6. 6.                                                                                                                                                                                                                                                                                                                                                                                                                                              de  Ubl      5       Marseille, to show that rioting and violence can be associated with segregated housing on the peripheries of cities. I will argue that the current race relation crisis between ethnic French and Algerians derived, in part, from housing discrimination and segregation that occurred as Algerians immigrated to France both before and after the Algerian War. Because location and quality of housing is so closely correlated with education opportunities, discriminatory housing policies can have a remarkable impact on a family’s ability to successfully integrate in a new country. If the immigrant youth cannot receive adequate education, they will also be disadvantaged when seeking employment opportunities, and a cycle of poverty develops. My aim is not to outline all the factors that have created and exacerbated this ethnic divide, but to call attention particularly to the contribution of housing segregation. Factors like xenophobia and secularism, while important to consider, are thus not the focus of this paper. II. Historical Context When European nations inserted themselves in foreign lands as colonizers, they severely stifled development through extractive exploitation, displacement of natives, and establishment of racial hierarchies. Acemoglu, Johnson, and Robinson (2001) have determined that various strategies European countries used in different colonies were often dependent on whether they could settle and establish communities, or if they faced harsh conditions and would primarily extract resources. France was a major player in the colonial era, holding the second largest empire in the world (Aldrich, 1996). After losing many of its conquests to Great Britain and other nations following wars in the 1700-1800s, France began focusing its efforts mainly in Africa and Southeast Asia. Algeria was initially invaded in 1830, and by 1852 France had obtained control over the entire country. Though France typically sent few settlers to its colonies,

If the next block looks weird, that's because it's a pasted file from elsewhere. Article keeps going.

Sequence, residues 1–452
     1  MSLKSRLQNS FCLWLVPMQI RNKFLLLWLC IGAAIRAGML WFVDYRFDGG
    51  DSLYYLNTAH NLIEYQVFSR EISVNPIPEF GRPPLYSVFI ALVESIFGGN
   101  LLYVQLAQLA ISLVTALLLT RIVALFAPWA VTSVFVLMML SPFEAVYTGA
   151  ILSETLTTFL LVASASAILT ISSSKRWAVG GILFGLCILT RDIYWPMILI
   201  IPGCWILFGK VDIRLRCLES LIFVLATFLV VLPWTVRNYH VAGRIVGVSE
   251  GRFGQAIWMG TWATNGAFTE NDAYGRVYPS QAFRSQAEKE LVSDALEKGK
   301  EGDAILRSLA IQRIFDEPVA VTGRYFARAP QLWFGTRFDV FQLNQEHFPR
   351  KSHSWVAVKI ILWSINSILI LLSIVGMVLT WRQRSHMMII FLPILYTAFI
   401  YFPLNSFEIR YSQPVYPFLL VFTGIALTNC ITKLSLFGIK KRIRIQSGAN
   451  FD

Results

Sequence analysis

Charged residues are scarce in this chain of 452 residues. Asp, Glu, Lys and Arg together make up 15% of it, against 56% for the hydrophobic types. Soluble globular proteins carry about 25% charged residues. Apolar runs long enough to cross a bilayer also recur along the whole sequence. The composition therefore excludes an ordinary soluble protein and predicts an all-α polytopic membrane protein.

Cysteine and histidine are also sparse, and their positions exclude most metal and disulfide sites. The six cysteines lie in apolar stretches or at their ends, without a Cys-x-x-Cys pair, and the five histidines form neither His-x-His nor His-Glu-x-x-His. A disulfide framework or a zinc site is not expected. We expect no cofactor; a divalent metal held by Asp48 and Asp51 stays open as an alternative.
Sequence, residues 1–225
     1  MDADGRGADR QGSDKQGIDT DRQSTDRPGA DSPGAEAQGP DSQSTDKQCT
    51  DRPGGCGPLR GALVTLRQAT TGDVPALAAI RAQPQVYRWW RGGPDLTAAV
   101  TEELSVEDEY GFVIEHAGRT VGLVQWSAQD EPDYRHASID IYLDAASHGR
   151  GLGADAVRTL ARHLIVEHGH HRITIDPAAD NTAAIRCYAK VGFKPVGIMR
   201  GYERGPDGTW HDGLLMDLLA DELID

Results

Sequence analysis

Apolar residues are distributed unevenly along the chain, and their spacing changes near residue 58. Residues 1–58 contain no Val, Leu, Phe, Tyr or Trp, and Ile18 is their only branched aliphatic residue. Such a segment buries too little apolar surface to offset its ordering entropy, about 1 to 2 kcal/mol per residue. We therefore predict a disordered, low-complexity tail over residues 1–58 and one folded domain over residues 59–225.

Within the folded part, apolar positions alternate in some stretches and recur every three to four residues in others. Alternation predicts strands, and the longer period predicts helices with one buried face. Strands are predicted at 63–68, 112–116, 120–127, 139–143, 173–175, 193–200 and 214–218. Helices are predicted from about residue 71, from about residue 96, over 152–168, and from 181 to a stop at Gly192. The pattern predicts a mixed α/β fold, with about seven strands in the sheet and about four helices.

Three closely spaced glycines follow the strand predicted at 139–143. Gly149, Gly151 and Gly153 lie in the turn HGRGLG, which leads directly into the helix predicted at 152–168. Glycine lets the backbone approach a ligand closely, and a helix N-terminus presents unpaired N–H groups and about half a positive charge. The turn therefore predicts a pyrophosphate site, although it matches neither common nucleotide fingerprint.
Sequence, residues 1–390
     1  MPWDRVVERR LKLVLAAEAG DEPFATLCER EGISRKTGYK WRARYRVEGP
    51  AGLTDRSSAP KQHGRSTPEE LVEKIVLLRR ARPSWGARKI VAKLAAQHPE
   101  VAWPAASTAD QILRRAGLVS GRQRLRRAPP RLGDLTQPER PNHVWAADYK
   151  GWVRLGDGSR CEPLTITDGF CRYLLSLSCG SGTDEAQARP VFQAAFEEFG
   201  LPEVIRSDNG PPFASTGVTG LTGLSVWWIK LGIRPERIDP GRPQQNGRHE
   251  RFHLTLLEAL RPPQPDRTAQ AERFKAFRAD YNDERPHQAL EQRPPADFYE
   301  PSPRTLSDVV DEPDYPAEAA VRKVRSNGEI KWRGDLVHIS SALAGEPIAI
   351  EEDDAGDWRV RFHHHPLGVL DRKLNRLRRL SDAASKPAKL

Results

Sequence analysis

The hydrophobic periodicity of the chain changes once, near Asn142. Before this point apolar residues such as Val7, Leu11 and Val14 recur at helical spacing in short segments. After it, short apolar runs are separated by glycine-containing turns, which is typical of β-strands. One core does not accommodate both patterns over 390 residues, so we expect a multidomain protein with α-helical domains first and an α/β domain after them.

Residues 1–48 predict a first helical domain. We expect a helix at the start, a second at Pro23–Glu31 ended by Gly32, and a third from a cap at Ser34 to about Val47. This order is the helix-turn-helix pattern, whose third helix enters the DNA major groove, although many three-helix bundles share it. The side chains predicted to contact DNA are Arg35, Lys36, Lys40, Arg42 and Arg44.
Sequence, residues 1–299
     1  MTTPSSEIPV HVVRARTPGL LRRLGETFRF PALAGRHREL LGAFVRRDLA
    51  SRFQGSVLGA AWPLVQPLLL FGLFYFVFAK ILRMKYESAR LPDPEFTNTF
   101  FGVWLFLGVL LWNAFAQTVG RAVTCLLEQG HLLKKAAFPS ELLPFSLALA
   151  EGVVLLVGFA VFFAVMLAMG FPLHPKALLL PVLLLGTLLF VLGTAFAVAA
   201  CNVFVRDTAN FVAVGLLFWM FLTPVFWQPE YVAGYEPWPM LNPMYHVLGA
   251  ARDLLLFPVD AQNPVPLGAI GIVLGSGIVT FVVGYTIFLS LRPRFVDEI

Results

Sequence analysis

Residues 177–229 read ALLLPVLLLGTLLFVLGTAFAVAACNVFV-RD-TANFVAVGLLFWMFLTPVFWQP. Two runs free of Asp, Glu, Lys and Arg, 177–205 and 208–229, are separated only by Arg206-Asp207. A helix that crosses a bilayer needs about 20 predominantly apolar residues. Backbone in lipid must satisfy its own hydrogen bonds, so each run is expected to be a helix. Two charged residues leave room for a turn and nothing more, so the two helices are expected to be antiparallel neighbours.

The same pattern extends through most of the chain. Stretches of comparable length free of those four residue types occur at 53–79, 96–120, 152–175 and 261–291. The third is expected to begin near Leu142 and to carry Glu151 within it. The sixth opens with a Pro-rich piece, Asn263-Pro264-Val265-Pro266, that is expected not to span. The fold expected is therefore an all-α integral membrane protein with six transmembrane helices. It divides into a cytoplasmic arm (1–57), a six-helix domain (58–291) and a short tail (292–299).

7. 7.                                                                                                                                                                                                                                                                                                                                                                                                                                              de  Ubl      6       Algeria was a clear exception. Rather than viewing Algeria as a trove of natural resources for the taking, many French citizens conceptualized the North African nation as closer to France, both in proximity and its potential to be assimilated, compared with other African colonies like modern- day Mauritania, Mali, Niger, Guinea, Ivory Coast, Gabon, Congo, or Chad. There were several features of French rule in Algeria that were unique compared with its involvement in other regions. The phrase Algérie française had a connotation encompassing not just the occupation of the country, but the desire to integrate Algeria into France. While French colonists carried their “civilizing mission” (mission civilisatrice) throughout the Empire, forcing French culture and language upon indigenous populations and encouraging their conversion to Christianity, it took on a slightly different tone in Algeria. In categorizing the Arab, Bedouin, and Berber ethnic groups in Algeria within the greater context of Africa, the French seemed to identify them along a continuum, ranging from “savages” to a “half-civilization” of Kabyle Berbers, closer to the French republican model (Silverstein, 2004, p. 48). From 1849 to 1870, France was ruled by Louis-Napoléon, or Napoleon III, who outwardly expressed concern for Algerians and referred to their nation as an “Arab kingdom” rather than a colony (Naylor, 1994, p. 13). Since many French settlers in Algeria were unsatisfied with the military rule that had been established, Napoleon III inaugurated a Ministry of Algeria and the Colonies in 1858, though both Algerian Muslims and the French military protested against this and he dismantled it shortly thereafter. After visiting Algeria, Napoleon III enacted two policies, the Sénatus-Consulte 1863 and the Sénatus-Consulte 1865 that aimed to protect Muslim tribal lands and offer Algerians the status of French nationals, respectively (Brett, 1988, p. 453). However, it would be shortsighted to characterize French rule in Algeria as any better than the standard colonial exploitation and demeaning practices typically used in other places. In